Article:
Health Medical Pharma

New device uses infrared signals for accurate blood glucose levels

A study to find solutions for treating two new variations of diabetes, type 4 and type 5, is underway in US research institutions as the overall disease population is expected to reach 783 million people by 2045.

HQ Team

March 29, 2024: The last few years have seen many innovative devices that help in monitoring blood sugar without finger pricks.

The latest addition to these technologies utilizes signal localization to improve the accuracy of non-invasive glucose measurement (NIGM).

Non-invasive devices

There are several devices approved by the FDA in the market that measure blood glucose levels including from Abbott, Dexcom, and other pharmaceutical companies that use sensors to measure glucose from interstitial fluids just underneath the skin.

There are some limitations to these devices as the intestinal measurement is not as accurate as a blood sample. Also, the micro needles in the device can cause skin infections.

Hence, the search for needle-less technology to measure glucose levels such as terahertz (THz) spectroscopy. It is based on light absorption. However, this measurement utilises a broad spectrum band and can mistake glucose for other biomolecules.

Another new form of CGM (continuous glucose monitoring) created by DiaMon Tech uses heat to measure blood sugar levels. The innovative technology uses an infrared laser targeted at the skin that causes the glucose in the skin to convert the light to heat. The increase in the heat levels is used to measure the glucose levels. In preclinical tests, it was found to be as accurate as test strips.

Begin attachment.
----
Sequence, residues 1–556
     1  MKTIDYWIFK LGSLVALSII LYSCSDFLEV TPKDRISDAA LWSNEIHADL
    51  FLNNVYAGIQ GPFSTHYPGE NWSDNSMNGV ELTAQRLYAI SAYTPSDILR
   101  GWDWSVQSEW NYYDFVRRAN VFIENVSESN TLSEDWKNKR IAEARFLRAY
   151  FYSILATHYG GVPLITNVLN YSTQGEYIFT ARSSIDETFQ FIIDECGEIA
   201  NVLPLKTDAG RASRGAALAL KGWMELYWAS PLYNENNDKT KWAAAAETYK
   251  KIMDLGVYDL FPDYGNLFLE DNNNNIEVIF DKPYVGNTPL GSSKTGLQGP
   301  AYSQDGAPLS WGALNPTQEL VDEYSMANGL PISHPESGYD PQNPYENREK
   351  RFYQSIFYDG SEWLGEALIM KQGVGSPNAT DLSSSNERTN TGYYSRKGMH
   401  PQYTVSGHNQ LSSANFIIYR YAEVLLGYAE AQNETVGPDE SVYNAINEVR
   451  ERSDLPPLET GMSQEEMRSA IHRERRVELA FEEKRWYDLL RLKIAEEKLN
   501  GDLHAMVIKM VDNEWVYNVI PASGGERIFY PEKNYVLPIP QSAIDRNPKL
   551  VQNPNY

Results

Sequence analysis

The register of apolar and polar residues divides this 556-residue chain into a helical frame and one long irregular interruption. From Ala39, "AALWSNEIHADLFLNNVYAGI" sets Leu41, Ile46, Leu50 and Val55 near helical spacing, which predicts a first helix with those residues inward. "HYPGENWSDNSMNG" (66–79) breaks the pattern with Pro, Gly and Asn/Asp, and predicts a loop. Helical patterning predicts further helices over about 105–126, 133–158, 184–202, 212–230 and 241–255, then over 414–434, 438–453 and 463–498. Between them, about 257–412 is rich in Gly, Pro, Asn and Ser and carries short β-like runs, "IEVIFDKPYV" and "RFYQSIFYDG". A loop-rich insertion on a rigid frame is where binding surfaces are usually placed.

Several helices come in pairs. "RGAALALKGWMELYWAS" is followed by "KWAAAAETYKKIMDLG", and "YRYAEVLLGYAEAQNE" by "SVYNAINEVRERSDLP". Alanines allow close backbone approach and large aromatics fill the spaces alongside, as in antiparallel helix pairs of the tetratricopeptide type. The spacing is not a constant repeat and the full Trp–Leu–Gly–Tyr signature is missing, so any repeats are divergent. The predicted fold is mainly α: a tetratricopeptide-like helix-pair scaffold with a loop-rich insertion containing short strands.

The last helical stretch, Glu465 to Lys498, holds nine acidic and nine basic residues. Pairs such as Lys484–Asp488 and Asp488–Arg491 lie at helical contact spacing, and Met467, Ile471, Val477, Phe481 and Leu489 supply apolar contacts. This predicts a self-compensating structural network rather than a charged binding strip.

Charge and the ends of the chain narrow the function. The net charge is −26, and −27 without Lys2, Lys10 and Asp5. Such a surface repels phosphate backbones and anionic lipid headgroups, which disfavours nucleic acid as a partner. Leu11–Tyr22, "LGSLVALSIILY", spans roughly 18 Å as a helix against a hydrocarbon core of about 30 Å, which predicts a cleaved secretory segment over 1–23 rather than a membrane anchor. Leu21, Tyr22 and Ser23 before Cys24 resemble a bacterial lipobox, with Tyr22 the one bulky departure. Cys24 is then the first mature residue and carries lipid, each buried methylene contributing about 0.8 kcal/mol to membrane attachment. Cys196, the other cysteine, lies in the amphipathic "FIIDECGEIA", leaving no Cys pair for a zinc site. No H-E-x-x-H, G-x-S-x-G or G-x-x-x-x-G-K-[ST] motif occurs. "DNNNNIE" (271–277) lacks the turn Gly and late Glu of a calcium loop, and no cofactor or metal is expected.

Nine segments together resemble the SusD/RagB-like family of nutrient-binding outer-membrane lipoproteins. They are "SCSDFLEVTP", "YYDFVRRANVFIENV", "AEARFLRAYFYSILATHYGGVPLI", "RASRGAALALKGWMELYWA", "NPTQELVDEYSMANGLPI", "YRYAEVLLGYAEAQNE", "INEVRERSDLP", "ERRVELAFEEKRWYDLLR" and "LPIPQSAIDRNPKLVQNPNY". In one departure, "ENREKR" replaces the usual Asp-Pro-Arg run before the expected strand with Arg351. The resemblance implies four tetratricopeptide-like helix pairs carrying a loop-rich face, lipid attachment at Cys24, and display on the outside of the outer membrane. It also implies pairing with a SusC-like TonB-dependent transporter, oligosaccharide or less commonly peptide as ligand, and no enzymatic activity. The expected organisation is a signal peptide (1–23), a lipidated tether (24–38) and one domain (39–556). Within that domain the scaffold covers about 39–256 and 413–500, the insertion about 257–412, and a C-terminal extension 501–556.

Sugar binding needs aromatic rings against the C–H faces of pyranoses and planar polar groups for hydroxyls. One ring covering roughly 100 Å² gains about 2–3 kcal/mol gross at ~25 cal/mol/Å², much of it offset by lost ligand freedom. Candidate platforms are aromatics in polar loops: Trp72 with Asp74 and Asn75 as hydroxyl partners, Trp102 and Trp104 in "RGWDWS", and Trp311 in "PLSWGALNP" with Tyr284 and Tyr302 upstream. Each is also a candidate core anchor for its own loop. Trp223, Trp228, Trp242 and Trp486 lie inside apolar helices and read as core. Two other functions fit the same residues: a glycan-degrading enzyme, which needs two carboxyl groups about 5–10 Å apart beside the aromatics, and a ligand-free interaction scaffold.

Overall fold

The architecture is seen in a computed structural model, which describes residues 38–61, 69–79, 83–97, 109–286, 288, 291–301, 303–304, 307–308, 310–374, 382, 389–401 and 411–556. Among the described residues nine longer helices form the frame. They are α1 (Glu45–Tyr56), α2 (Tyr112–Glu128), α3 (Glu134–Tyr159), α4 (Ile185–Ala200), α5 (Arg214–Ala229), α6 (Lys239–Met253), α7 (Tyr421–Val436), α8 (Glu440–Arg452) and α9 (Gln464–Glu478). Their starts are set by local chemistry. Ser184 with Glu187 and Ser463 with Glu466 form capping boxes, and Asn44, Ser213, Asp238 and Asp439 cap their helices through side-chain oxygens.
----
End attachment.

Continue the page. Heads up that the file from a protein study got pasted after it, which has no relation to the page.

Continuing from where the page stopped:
Optoacoustic method

The present study focuses on the use of mid-infrared (mid-IR) light absorption, which uses optical, optoacoustic, or thermal detection methods to measure blood glucose levels. The depth-gated mid-infrared optoacoustic sensor (DIROS) exploits time-gated mid-IR optoacoustic signals to determine the exact depth at which glucose absorption is measured in the skin, as a result, it can measure real-time blood glucose levels rather than ISF glucose. 

Importantly, DIROS can minimise potential errors in measurement due to variations in skin humidity or the presence of fats and other molecules on the skin.


The researchers measured the Mid-IR of blood glucose levels on a mouse ear using depth-selective optoacoustic detection. These were verified against measurements obtained by optoacoustic measurements from the capillaries at 532 nm illumination.

Optoacoustic sensing was used to reach the dermis and epidermis at 100 micrometers (µm) and more. This depth is rich in capillaries, thus making real-time blood glucose assessment possible.

Using nearly 5,000 optoacoustic measurement points, accurate blood glucose values with sufficient signal-to-noise ratios (SNR) were also obtained.

The researchers obtained measurements from two locations, one rich in blood capillaries (P1) and the other slightly less dense in capillaries(P2). P1 values were closer to the glucometer-recorded blood glucose concentrations as compared to the P2 values; however, both values changed after glucose was administered. P2 values changed more slowly, thus reflecting the delayed changes in ISF glucose.


The investigators explored the utility of depth selection to enhance DIROS performance beyond that of currently available sensors.

DIROS could help increase the precision of blood glucose measurement non-invasively and advance diabetes management.

The study can be accessed in the journal Nature Metabolism.

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